Daimler’s Late-Quarter Recovery Limits Loss to $1.9 Billion
(Bloomberg) -- Daimler AG said a late-quarter recovery in demand spared the Mercedes-Benz maker from losing as much money as analysts were expecting. The company’s shares climbed to the highest in more than a month.
Daimler reported a preliminary deficit of 1.68 billion euros ($1.9 billion) before interest and taxes in a statement late Thursday. That beat a consensus estimate of 2.1 billion euros provided by the German manufacturer, which said that free cash flow and liquidity also held up better than expected.
Daimler shares rose as much as 4.3% in early Frankfurt trading, to the highest intra-day level since June 10. The stock is still down about 21% this year.
Daimler and its peers were decimated by the coronavirus pandemic, with measures to contain the disease sending production plunging to levels last seen in the wake of World War II. Although plants and showrooms have now largely reopened, business is returning unevenly, with car sales in Europe coming back more slowly than North America or China.
The results are “consistent with a generally improving commentary from German manufacturers in recent weeks,” Philippe Houchois, a Jefferies analyst with a buy rating on Daimler shares, said in a note. Volkswagen AG said Wednesday that orders have been gradually ticking up in Germany but warned the recovery remains shaky and future developments are difficult to predict.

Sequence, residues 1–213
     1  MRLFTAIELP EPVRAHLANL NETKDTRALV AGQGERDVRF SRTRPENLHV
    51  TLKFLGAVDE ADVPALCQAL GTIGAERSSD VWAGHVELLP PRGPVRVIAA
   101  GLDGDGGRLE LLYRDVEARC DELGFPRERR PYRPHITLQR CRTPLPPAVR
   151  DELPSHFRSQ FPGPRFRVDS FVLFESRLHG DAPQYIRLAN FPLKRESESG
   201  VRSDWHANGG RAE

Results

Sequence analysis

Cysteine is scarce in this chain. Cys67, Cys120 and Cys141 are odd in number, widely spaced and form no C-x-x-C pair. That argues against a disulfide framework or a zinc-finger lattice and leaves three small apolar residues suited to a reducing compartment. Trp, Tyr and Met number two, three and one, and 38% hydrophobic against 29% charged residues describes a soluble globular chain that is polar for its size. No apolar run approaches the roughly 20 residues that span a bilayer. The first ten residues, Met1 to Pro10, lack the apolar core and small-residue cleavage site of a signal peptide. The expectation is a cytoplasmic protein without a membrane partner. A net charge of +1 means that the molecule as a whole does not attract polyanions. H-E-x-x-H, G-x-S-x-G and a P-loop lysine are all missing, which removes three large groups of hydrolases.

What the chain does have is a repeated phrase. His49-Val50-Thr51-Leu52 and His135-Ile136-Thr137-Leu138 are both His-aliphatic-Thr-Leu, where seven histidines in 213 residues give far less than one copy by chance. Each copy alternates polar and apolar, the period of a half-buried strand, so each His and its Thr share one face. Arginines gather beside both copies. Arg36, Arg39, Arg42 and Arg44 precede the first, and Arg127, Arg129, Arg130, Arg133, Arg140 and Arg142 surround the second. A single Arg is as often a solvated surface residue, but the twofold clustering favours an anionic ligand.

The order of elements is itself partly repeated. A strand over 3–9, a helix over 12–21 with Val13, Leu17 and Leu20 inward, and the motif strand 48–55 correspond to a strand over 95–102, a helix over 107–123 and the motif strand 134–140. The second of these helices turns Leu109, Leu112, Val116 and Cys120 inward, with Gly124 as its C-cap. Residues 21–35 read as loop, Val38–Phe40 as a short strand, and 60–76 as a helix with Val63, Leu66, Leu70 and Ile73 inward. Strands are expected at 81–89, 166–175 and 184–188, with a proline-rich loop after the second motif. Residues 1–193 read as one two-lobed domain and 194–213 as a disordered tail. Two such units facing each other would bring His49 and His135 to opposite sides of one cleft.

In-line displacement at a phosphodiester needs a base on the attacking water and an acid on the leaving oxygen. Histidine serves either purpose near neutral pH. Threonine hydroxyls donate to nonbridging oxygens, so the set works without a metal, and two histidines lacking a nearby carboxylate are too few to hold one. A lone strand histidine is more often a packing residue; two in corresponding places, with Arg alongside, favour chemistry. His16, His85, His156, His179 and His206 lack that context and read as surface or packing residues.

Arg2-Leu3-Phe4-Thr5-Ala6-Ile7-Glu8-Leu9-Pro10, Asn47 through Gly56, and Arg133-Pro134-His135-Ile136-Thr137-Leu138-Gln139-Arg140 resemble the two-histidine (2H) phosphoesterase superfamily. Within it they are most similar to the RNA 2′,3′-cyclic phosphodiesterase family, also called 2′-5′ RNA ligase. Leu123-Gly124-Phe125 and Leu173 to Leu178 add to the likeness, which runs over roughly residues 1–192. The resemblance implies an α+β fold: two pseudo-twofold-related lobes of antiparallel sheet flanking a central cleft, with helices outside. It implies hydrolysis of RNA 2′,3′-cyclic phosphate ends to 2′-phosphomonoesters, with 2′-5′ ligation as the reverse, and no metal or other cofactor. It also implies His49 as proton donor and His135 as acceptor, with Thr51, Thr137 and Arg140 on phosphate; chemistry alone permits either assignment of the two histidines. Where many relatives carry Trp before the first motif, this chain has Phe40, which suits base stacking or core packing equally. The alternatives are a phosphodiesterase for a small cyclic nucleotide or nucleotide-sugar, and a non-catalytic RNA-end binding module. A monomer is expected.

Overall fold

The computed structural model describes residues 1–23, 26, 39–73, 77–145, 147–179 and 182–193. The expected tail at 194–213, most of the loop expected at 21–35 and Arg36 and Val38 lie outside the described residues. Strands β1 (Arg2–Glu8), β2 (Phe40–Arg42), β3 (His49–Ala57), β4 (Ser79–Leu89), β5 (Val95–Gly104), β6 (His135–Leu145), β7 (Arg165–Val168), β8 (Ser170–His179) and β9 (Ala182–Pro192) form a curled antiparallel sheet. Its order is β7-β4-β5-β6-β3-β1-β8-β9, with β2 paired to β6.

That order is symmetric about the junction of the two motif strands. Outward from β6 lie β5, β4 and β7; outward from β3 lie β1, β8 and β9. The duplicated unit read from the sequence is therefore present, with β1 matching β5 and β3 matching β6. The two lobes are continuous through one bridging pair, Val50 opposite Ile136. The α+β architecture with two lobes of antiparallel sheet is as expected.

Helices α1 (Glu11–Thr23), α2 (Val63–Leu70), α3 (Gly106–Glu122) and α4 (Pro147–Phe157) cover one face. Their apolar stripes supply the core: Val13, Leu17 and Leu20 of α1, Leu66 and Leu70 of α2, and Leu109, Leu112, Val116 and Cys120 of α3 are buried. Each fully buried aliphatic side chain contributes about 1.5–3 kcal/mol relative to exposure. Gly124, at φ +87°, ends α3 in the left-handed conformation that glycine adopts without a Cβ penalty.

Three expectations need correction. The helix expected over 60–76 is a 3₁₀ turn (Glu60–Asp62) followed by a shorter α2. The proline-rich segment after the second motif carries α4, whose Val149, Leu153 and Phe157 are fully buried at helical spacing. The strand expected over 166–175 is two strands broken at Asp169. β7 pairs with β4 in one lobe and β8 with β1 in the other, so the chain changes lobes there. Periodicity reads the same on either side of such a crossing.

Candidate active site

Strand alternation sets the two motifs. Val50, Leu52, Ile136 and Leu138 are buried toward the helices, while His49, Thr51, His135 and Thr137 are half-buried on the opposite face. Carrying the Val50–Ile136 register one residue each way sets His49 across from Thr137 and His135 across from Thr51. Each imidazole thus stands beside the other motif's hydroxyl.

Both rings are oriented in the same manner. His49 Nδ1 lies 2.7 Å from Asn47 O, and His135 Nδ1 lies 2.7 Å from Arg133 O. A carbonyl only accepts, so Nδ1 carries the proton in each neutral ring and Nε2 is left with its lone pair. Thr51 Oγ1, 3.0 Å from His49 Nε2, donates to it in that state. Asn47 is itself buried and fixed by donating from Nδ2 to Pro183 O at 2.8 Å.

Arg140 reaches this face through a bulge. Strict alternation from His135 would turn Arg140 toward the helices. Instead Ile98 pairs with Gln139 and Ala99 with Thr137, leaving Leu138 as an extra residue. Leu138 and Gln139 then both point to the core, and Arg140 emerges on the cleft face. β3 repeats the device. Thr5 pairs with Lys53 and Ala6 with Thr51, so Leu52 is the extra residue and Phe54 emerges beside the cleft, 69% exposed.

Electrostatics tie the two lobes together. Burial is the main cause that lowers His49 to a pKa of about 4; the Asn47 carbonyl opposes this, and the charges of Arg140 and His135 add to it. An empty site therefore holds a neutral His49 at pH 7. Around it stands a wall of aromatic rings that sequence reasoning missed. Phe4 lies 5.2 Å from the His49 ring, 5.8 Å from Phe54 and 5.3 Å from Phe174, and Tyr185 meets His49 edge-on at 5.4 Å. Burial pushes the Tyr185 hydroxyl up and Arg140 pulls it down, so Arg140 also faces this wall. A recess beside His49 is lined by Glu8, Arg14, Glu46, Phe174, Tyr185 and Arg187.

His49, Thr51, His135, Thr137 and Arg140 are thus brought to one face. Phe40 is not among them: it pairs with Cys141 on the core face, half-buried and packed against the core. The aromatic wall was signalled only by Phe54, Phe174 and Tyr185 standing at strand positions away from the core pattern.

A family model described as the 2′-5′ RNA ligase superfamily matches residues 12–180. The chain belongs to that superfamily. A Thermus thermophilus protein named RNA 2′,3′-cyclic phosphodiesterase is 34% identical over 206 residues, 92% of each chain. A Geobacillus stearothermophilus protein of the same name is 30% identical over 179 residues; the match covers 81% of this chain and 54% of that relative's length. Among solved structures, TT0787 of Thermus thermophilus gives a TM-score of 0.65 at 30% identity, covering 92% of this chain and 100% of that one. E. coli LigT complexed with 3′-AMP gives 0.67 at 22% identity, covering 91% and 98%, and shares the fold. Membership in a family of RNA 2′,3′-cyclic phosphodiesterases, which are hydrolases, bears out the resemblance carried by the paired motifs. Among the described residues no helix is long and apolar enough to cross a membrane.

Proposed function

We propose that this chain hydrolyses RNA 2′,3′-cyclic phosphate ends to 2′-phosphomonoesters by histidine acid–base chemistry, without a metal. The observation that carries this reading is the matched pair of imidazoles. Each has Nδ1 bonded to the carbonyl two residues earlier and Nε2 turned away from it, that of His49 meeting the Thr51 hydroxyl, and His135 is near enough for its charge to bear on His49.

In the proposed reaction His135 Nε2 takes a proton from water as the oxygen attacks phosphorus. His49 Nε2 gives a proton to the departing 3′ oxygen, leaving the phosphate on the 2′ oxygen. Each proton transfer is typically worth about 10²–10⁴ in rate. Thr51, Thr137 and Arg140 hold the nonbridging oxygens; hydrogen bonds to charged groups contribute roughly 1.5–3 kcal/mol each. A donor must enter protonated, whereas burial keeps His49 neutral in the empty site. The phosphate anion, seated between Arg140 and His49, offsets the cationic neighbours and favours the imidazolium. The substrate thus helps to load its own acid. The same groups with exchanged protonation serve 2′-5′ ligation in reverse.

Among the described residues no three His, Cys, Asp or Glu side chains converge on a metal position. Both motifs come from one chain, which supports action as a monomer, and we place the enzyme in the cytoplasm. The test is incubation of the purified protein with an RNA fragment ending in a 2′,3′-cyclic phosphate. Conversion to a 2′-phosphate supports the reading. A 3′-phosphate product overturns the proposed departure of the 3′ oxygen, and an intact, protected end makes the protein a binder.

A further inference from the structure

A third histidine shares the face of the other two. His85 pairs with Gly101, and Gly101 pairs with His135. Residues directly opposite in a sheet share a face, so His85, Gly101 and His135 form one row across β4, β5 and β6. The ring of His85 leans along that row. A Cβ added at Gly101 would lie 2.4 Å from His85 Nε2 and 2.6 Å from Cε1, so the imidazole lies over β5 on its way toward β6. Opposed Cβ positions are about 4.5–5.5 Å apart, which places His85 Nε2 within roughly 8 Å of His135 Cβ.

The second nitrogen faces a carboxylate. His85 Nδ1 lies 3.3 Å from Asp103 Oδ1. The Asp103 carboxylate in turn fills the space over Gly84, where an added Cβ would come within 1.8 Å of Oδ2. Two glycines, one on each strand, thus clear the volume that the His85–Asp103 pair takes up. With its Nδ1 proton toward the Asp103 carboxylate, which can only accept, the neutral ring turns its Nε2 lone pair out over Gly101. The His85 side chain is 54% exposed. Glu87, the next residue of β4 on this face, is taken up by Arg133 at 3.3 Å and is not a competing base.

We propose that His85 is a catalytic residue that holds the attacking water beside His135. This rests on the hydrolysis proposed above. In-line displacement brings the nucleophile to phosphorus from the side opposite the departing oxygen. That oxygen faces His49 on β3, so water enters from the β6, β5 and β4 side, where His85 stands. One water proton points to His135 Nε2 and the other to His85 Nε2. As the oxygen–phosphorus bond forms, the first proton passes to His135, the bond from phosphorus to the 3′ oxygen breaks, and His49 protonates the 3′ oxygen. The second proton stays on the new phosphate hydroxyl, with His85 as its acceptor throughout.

Mercedes-Benz deliveries in China, the brand’s largest market, climbed to a record in the second quarter, and global retail sales of its cars edged higher in June.
To keep the momentum going, the Stuttgart-based company is preparing to roll out new iterations of its flagship S-Class sedan, a key profit driver that continues to out-sell rivals including BMW’s 7 Series.
The S-Class will be flanked by an all-electric sibling, dubbed EQS, the first car to be based on a dedicated electric-car platform with a battery range of more than 700 kilometers (435 miles). Chief Executive Officer Ola Kallenius has said Mercedes plans to shore up its offerings especially in the lucrative segment of larger luxury vehicles.
No Letting Up
It remains to be seen whether demand is improving fast enough to make a meaningful difference in Daimler’s outlook for the full year. The world’s top seller of luxury cars and commercial vehicles has said it expects vehicle deliveries, revenue and profit to decline from 2019, when results were dragged down by legal woes and production miscues.
Kallenius, 51, said during Daimler’s annual general meeting last week the carmaker must sharpen its cost-cutting efforts to shore up returns. In reviewing its global manufacturing network to get rid of excess capacity, it may sell a factory in France and has already halted plans to expand a site in Hungary. The company also might shed a small assembly facility in Brazil and is discussing options for plants in South Africa and Mexico, Handelsblatt reported.
The company now targets a workforce reduction of about 20,000 positions as it wants to widen personnel-cost savings to 2 billion euros, from an initial target of 1.4 billion euros, Handelsblatt reported earlier Friday.
©2020 Bloomberg L.P.